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Solar Panel Costs

Solar Panel Costs

So, you’ve decided to switch to solar energy. You have already settled on where the system should be installed, what should you expect in terms of the system’s costs? Solar panel costs can vary, but the easiest way to compare is by price in dollars per watt. This metric is relatively standard across the United States, so you can use this when figuring out your solar panel costs.  [/vc_column_text]

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Factors to Consider

The costs for an average-sized installation of a PV system in the U.S. usually range from $2.51 to $3.31 per watt. So, what does this mean for you? The size of installation that you choose to put on your home will change the cost. Installing a larger system will require more equipment and more labor, which will increase the cost. The type of panel that you choose to install will also change what price you payMonocrystalline, polycrystalline, and thin film panels all have different costs and efficiencies.  Other factors, such as tax credits and the general cost of electricity in the state you live in, will also influence the cost of your system.  


Pros and Cons by State

Every state in America has different energy costs. When it comes to solar, these price variations are no different. However, almost every state’s cost falls within a $0.50 cent margin of the $2.96 per watt national average for 2020. For the most part, the different costs in each state fluctuate with the state by state electricity costs.  

Not only do the costs of solar vary by state, but the savings as well. Different cities and states have electricity costs charged by local utility companies, different amounts of sunshine, and different local rebates and incentives for going solar. The solar panel payback period will also vary depending on where you live. The average U.S. household can break even on their solar energy system in just over 8 years, but in many cities that number is even lower. Using an online calculator can be a huge help in determining whether solar is right for your roof. 

Solar Tax Credit

The federal solar tax credit, also known as the investment tax credit (ITC), allows you to deduct 26 percent of the cost of installing a solar energy system from your federal taxes. As long as you own your solar system, you are eligible for the solar tax credit. The ITC applies to both residential and commercial systems, and there is no cap on its value. However, this tax credit is expiring. In 2021, the tax credit will fall by 4%.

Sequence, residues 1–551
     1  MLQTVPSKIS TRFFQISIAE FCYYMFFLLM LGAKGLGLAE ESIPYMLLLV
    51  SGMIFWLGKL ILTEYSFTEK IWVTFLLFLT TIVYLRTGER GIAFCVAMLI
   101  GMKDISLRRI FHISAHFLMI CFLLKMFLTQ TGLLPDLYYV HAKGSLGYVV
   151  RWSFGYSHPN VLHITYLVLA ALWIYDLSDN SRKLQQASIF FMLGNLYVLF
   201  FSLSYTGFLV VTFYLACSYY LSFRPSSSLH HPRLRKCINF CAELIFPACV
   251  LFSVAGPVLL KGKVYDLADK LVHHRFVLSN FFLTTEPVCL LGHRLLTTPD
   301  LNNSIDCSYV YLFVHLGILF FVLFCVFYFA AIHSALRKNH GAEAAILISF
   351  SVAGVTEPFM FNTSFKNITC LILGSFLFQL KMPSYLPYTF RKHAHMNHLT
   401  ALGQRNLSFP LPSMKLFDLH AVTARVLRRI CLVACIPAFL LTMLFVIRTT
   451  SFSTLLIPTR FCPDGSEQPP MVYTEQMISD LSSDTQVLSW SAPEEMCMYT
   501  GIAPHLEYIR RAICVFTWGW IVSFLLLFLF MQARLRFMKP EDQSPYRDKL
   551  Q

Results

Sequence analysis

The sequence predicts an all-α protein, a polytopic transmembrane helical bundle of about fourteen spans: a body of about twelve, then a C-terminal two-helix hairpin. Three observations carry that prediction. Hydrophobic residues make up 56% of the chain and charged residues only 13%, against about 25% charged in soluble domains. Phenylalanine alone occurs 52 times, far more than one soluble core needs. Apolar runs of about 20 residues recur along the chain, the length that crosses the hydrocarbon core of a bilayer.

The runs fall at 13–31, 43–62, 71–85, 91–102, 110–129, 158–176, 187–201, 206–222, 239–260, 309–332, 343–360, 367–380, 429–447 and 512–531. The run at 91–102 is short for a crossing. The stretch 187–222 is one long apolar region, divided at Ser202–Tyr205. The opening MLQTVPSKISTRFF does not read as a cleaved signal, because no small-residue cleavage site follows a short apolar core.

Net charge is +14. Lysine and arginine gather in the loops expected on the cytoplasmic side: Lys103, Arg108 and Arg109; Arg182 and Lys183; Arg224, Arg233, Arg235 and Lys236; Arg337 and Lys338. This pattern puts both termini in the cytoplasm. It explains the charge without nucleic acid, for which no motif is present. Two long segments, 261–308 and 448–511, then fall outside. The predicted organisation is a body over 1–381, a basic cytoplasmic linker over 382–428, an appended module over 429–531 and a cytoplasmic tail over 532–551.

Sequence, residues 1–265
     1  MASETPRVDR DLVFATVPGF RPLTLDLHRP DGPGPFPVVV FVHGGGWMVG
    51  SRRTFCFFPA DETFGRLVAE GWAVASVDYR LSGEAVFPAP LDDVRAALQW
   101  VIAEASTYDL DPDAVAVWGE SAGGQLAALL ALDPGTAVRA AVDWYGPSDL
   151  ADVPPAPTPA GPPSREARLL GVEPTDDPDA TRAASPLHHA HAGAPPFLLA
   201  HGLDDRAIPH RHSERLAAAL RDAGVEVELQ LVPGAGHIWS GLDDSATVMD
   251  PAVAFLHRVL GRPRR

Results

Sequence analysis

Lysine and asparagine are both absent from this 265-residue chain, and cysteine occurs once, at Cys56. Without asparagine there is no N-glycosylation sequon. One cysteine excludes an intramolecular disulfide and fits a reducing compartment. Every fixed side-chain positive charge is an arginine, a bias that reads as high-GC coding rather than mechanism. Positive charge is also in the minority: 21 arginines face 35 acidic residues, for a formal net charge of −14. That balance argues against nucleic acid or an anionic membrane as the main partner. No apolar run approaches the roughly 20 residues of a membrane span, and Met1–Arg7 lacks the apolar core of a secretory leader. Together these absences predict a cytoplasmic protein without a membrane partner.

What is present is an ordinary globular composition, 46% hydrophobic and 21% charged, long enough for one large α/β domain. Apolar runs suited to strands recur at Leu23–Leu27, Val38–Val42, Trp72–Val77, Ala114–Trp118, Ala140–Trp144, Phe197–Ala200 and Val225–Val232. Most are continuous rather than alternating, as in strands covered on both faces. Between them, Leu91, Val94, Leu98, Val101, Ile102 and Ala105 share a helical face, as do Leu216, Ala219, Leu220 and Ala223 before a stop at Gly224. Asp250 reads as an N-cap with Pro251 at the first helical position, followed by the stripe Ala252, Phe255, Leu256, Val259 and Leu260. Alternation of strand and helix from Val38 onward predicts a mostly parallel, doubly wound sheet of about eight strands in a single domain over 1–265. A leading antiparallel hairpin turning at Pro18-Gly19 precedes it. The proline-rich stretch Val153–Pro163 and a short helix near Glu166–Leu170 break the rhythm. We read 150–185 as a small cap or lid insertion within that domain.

Single Panel Costs

If you don’t have a huge installation to do, or just feel like you have enough knowledge to do it yourself, you may be wondering the costs for single panels. Solar installers have direct relationships with distributors and can buy in bulk. Therefore, they can often purchase solar panels at a much lower rate than the average consumer. Solar companies can typically get a single solar panel at a price of $0.75 per watt. If the solar panel output is 250 watts, that single panel might cost you $187.50.  

However, if a homeowner is trying to buy one or two panels for their own for a small DIY project, they will pay closer to $1 per watt. That means the same solar panel could cost closer to $250. Typical solar panel costs run from as low as $0.85 per watt to $1.25 per watt with output ranging from 150W to 350W. The inverters, solar batteries and other additional equipment that are needed for a fully working system also add to the solar panel costs that you saw earlier in this article. There is no doubt that having a contractor install your whole system is cheaper than trying to do it yourself.  

Maximizing Savings

There are a few tips to keep in mind when you decide to switch to solar. Getting a variety of quotes from different companies can help you weigh your options, and make sure that you are not being overcharged. Homeowners who get 3 or more quotes can expect to save $5,000 to $10,000 on their solar panel installation. Also, when determining which company can get you the best price, it is our first instinct to look at big companies. When it comes to solar, however, big companies tend to charge more than smaller companies. A recent report by the U.S. government found that large installers are $2,000 to $5,000 more expensive than small solar companies. And finally, consider all of the possible equipment before deciding on your panels. While certain panels will have higher efficiency ratings than others, investing in the highest quality solar equipment doesn’t always result in higher savings. The only way to find out what is right for your property is to evaluate quotes with varying equipment and financing offers. 

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If you are taking steps to make the switch to solar, check out our website and let us help you find the right fit for your roof! We hope this article was helpful, and that you consider looking into our services.